I read more poetry last month than I think I did in all of 2015.
I didn’t enjoy much of it.
I want to like most poetry more than I do, and I’m trying to unpack my assumptions and standards and guilt. I have a goal: appreciation.
I feel guilty for not liking contemporary poetry as much as other people do. That makes picking up new books rather fraught. And I have no idea why I’m able to put down prose or walk away from a painting without feeling like less of a human being—but not a poem other people are raving about.
There are things I want in a poem in order to enjoy it or to want to continue reading it: music. Reach out to me with assonance, consonance, alliteration, meter and I’ll listen. I’m not saying that’s the only way to make a poem but that is what I enjoy and that is what makes me get into the space of a poem, what makes me want to rail against it and revel with it. Music plus intelligent observation is the fun in poetry.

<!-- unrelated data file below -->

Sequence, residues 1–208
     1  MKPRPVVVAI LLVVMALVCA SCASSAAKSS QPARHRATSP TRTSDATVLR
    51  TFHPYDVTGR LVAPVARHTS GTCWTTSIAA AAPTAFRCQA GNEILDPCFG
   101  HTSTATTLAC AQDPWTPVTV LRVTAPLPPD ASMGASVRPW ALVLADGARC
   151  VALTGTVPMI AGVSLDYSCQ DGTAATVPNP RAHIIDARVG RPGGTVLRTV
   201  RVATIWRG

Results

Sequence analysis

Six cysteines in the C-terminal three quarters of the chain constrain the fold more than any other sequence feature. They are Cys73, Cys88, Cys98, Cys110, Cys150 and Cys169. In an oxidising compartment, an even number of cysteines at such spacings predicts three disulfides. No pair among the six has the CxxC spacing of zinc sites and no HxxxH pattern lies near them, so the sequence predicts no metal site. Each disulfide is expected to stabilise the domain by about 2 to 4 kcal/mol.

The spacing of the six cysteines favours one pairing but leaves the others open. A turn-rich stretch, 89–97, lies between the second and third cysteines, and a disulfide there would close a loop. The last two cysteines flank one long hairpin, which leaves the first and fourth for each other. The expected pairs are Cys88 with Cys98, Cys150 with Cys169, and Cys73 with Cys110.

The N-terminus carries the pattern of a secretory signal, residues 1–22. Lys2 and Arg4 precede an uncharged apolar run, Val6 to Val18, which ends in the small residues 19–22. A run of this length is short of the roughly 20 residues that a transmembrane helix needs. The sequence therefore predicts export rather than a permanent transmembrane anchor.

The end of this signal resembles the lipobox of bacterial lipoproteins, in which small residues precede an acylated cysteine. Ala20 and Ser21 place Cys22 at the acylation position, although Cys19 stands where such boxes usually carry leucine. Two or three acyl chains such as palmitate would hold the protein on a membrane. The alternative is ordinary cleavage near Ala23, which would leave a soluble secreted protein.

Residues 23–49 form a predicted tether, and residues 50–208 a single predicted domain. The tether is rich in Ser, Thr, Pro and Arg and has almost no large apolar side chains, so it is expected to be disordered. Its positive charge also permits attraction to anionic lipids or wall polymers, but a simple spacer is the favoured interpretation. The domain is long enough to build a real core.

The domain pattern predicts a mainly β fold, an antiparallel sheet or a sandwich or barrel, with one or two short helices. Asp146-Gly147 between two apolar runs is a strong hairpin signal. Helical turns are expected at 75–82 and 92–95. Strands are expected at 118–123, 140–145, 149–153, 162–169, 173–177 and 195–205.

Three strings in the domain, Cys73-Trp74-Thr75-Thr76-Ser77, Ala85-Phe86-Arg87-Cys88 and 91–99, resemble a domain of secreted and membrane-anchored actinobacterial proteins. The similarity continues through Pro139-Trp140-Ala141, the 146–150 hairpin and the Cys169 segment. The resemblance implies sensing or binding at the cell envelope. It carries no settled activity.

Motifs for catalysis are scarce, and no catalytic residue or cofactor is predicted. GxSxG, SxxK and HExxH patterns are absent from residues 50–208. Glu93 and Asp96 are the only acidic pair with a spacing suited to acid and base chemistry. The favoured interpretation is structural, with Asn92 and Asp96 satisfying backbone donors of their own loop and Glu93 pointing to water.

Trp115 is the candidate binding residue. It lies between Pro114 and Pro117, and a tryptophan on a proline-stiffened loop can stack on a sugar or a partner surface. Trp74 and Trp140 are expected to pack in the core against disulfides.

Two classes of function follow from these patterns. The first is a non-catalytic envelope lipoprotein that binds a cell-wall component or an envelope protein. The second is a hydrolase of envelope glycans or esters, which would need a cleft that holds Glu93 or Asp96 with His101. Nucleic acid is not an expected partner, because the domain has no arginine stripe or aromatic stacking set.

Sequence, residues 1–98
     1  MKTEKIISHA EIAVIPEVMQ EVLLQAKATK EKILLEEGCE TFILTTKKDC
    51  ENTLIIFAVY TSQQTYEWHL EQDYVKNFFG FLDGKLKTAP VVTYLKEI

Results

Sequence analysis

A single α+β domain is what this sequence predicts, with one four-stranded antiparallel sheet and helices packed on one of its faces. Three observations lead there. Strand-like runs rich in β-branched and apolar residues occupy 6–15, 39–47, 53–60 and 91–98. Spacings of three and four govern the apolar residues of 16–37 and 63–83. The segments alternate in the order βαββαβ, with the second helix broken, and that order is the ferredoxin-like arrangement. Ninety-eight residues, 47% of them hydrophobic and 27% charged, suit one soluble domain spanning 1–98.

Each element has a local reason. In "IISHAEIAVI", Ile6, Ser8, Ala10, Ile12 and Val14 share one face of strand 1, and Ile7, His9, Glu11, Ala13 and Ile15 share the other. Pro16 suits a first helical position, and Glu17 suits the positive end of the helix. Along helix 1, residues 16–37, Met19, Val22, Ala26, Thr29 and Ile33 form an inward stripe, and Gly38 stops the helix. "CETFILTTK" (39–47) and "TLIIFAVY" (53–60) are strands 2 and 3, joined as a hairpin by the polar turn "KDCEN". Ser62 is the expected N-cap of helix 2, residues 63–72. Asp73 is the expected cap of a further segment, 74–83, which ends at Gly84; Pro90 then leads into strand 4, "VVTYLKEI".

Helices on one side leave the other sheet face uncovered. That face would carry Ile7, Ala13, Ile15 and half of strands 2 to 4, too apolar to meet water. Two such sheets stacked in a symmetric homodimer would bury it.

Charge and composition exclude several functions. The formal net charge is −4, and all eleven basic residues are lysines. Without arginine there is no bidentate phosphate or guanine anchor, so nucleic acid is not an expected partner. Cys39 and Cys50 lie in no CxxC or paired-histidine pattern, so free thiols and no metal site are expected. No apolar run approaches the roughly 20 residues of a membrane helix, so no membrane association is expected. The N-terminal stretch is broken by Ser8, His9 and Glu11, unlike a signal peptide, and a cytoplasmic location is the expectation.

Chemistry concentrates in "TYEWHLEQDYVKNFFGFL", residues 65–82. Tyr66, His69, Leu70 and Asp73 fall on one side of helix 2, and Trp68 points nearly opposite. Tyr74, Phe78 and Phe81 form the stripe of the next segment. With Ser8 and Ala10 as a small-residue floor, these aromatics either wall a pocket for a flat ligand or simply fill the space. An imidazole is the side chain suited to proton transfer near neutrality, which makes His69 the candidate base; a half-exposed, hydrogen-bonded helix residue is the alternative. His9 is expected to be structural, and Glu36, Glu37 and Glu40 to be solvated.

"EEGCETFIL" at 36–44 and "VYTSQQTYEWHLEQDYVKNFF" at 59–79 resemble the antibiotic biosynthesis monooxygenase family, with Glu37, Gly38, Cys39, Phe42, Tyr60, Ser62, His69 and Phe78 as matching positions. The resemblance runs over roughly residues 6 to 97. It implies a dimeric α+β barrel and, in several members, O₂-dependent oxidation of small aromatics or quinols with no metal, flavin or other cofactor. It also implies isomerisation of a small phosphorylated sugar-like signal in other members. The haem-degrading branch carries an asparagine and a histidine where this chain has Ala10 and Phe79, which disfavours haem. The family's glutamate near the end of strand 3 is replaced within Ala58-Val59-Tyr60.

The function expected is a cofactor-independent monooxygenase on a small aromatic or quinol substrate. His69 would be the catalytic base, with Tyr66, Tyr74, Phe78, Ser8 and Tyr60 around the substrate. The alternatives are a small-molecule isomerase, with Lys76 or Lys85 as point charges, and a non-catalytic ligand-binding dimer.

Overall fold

Certainly there are things I like in prose and things I don’t, but those are less about format and more about content. I would be content to read about most anything in a poem if there were music.
So I come round to my goal: how does one learn to appreciate a piece of art?
Sandy Longhorn writes of “the value of sticking with readings that don’t particularly set one’s hair on fire” and I’m curious what that is and how it works. And why you would want to study something which brings you no pleasure. How is it that prolonged exposure teaches appreciation?
When I read Jane Hirshfield’s The Beauty last month, I was surprised at my own enjoyment. Hirshfield’s poems are beautiful for their surprisingly metaphors—which I found only worked once or twice per poem for me—not any sonic texture. How was I able to appreciate them? Or does perhaps surprise rate as high as music in my standards?
And is that the trick to appreciation? To let my standards go? And if I do, how do I evaluate or experience the art itself?